P.S. I would really encourage you to inquire whether your university can give you access to a supercomputing cluster. Especially for complex analyses on large datasets, the time savings are considerable. And you need to spend less time optimising your scripts.
  6. mendico, Mar 31, 2015
    Last edited: Mar 31, 2015

    mendico thread starter macrumors newbie

    Mar 30, 2015
    Thank you to everyone for your valuable opinions. Currently, I'm using Macbook Air 2011 with 4 GB ram. Since R software loads biological datasets to the RAM, Macbook Air becomes useless.

    As you know there are 2 base models with 2.2 ghz and 2.5 ghz cpu. I don't play games so does 2.2 model enough for me? The best prices I found in my country are (I converted the prices to USD currency):

    The base model with 2.2 cpu: 2150 USD (gives 330 USD gift card) =~ 1820 USD

    The model with 2.5 cpu: 3000 USD (gives 470 USD gift card) =~ 2530 USD
    or in another store
    The model with 2.5 cpu: 2700 USD (gives 40 USD gift card) =~ 2660 USD

    If you were me, which model you would buy? The base model is affordable for my budget. Does the second model make significant advantage for me? (No games, maybe little video tasks for hobby)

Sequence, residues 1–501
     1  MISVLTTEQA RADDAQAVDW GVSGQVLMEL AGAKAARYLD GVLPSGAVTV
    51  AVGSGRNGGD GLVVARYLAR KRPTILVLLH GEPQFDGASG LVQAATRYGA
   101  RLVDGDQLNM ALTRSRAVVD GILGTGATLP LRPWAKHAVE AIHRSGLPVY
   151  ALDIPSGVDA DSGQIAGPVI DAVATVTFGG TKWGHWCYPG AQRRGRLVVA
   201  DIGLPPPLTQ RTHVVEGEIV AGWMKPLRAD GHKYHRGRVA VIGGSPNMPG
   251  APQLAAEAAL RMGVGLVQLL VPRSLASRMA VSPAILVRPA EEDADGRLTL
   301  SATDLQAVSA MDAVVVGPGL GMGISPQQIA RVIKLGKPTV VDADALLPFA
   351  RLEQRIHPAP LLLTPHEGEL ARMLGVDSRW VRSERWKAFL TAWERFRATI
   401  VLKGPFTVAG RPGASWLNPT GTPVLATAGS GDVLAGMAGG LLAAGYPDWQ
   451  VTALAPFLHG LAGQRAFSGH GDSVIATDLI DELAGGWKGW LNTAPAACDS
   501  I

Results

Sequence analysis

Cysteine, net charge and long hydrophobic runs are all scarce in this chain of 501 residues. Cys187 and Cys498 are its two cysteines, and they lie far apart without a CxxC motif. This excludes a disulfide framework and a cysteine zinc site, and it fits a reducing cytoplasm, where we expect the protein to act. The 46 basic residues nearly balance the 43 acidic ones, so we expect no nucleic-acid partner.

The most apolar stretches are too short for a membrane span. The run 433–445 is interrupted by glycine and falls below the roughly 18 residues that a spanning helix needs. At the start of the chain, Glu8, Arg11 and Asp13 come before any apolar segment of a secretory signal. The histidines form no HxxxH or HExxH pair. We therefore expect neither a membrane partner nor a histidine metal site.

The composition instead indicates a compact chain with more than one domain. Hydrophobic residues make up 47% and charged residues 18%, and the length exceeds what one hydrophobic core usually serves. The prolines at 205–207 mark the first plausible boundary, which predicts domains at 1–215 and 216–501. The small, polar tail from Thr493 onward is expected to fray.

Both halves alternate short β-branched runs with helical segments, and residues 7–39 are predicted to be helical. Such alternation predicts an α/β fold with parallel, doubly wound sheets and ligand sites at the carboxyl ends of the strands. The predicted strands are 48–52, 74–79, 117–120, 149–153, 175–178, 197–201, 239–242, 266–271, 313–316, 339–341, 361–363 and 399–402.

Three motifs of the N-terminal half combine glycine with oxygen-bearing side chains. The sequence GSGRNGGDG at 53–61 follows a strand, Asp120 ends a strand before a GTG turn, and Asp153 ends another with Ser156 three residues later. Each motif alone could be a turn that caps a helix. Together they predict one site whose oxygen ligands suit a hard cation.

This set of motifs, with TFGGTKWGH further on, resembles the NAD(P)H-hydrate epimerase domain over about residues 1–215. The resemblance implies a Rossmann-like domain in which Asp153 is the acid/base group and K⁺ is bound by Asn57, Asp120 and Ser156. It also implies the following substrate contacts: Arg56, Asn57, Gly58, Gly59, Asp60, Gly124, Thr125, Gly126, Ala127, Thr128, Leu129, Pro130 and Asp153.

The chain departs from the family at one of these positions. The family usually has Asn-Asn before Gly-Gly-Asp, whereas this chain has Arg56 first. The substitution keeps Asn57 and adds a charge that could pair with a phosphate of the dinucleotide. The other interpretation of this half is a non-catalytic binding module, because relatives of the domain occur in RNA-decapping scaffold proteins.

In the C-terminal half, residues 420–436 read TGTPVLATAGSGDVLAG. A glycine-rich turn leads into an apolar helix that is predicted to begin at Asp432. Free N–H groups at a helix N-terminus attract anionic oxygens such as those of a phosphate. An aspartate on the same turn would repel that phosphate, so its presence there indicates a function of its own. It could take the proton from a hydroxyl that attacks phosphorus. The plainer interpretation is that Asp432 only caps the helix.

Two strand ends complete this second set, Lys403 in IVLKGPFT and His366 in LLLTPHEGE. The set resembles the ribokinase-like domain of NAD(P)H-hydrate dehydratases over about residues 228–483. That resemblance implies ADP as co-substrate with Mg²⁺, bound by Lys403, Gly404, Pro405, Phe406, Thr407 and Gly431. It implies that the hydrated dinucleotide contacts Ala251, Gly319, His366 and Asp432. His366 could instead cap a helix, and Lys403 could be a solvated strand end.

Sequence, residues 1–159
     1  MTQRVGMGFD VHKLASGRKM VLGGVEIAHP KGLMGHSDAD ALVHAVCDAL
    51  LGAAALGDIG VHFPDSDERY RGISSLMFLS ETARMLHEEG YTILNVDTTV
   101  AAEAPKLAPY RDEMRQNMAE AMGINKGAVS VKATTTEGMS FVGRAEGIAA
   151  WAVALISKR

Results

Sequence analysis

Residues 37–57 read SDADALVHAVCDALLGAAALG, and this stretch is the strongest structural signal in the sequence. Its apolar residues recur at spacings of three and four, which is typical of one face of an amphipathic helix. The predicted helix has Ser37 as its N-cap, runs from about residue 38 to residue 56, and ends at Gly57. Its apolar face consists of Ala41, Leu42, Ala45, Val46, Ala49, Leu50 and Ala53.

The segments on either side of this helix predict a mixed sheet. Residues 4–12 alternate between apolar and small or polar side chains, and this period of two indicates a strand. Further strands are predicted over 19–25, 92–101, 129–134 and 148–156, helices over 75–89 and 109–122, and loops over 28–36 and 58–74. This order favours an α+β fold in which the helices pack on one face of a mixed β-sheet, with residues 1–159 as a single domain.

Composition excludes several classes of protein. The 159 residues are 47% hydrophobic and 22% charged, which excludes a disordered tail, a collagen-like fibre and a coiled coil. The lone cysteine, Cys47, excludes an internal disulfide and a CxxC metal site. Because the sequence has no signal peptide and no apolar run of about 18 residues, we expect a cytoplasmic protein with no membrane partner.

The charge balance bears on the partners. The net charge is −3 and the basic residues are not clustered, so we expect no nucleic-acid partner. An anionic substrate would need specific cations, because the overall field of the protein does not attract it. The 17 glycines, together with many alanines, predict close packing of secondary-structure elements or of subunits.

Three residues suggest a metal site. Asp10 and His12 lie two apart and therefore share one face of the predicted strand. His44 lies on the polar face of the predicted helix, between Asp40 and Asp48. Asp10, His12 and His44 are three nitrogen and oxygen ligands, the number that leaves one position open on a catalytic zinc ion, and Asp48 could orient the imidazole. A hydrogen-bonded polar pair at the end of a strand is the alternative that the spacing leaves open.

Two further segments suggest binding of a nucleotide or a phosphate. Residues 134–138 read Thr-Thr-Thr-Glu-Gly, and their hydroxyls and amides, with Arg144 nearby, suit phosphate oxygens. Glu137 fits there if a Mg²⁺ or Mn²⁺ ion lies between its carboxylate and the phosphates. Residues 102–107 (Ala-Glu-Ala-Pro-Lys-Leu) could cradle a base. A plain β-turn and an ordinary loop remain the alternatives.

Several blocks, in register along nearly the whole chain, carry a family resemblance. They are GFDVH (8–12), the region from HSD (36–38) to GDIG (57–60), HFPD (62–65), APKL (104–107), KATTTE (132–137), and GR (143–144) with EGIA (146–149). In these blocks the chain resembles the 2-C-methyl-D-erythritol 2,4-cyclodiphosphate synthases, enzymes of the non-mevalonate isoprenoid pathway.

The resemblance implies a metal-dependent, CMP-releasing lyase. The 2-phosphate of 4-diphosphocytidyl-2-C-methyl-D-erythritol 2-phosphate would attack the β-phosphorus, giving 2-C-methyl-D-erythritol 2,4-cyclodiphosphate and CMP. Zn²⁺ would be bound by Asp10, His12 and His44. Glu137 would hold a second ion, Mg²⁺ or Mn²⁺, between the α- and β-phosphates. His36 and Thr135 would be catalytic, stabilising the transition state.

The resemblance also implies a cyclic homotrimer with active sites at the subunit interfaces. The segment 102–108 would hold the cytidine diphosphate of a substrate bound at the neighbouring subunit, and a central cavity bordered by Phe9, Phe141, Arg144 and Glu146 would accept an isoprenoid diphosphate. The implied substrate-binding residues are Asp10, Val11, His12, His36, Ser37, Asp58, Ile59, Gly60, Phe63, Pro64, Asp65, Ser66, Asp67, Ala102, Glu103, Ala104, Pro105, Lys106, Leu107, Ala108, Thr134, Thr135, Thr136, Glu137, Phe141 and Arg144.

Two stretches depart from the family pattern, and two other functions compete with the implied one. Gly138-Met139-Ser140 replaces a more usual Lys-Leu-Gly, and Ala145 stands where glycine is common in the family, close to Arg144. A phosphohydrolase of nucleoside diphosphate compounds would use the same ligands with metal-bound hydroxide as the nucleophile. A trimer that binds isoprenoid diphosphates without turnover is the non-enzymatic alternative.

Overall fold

My university doesn't give an access to a supercomputing cluster since it doesn't have. But my advisor plans to buy a powerful workstation using project fund for heavy tasks. I'll use this Macbook to develop algorithms for gene network inference.

    Note: Apple Store Turkey prices for these models:
    The model with 2.2 cpu: 2575 USD (education: 2370 USD)
    The model with 2.5 cpu: 3230 USD (education: 2970 USD)

    I believe that the new Broadwell model will be ~2370 USD. So there will be 550 USD difference for a bit fast cpu, fast ssd, 1 hour extra battery and force touch pad (According to the posts in the forum). Are they worth 550 USD?
  7. mendico thread starter macrumors newbie

    Mar 30, 2015
    My thesis advisor wants me to develop scripts in R. What is your opinion for my previous message in the thread?
  8. leman macrumors G3

    Oct 14, 2008
    The base retina 15" will be more than sufficient for your needs. I do some fairly crazy stuff with R and I still have the 2012 model :)

    When running longer sequences, don't forget to use the parallel package! Usually its a simple as converting

    X <- lapply(...)


    X <- mclapply(..., mc.cores=4)
  9. mendico thread starter macrumors newbie

    Mar 30, 2015
  10. magbarn macrumors 68000

    Oct 25, 2008
    Since your software is forced to run in RAM and your MBA's 4gb is already limiting your use, the 8gb of ram on the rMBP 13 (unless you upgrade it - which will make it already more expensive than the rMBP 15) will limit you sooner than the standard 16gb of ram on the rMBP 15. I'd go for the rMBP 15 unless battery life & portability are more important.